Fortunately for me, my neurologist on the third visit, my neurologist said ‘’Mark, at this point, I’m going to hand you off to somebody else. There’s somebody, we call them a movement disorder specialist. They’re a neurologist like me, but they have additional training in movement disorders like Parkinson’s and I’m going to refer you to this guy. He’s fantastic. He’s a friend of mine and I think you’re really going to benefit from seeing a doctor with his specialty. Again, this is not the norm. A lot of people with Parkinson’s have to fight claw and scratch to see a neurologist and beyond that to see an MDS. This just happened. I mean, ‘’I’m gonna say not goodbye to you, but you really don’t need to see me. He’s gonna be your primary focus for your Parkinson’s going forward. But if you want to please check in with me once a year just to let me know how you’re doing, that kind of stuff’’.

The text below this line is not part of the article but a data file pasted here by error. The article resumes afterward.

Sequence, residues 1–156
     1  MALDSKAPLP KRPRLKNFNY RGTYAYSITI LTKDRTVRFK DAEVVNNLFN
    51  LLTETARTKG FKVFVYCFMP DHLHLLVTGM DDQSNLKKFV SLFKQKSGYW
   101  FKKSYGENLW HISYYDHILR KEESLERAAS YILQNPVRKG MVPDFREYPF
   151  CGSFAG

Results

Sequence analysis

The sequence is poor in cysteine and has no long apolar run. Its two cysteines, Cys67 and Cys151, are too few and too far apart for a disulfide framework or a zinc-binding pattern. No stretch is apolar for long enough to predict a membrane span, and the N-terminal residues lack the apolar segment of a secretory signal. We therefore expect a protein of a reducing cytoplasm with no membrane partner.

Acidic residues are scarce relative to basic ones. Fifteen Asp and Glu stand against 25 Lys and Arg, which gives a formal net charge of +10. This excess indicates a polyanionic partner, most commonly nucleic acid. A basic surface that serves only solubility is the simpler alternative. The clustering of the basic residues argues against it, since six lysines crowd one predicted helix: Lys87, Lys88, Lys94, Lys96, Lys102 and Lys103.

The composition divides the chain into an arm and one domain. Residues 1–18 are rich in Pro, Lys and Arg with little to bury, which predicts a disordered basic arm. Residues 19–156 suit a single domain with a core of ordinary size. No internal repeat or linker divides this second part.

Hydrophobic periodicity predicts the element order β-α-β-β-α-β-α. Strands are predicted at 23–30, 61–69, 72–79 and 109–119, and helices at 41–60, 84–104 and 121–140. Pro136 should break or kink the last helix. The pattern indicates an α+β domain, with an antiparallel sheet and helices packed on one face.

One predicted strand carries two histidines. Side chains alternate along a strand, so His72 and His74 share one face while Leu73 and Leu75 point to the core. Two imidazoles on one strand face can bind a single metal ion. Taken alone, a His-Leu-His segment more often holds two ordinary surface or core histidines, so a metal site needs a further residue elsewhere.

I went to see my MDS and he was fantastic. He was uplifting, encouraging, energetic. The first visit that I had with him lasted over an hour and a half. We actually closed down the office. The rest of the office staff left and he and I stayed till half an hour after everybody was gone just so he can answer all my questions. At the end of the first visit, he said, okay Mark, here’s what we’re going to do. Then, he stopped himself and he said wait a minute. You’re the patient. You’re in charge. I’m gonna tell you what I think we should do but you tell me if you think this is the way we want to go. I think we should this and that. I said, ‘’Doc, that sounds perfect to me’’. He said okay, that’s what we’ll do. Come back for the next visit and we’ll take it from there. I again have had the very fortunate occurrence of having tremendous doctor, care from primary care to neurologist to move into sort of specialist. A lot of friends tease me about that and they say they hate me for such positive experiences because so many people have not shared that same thing. So for that, I’m very very blessed. Absolutely.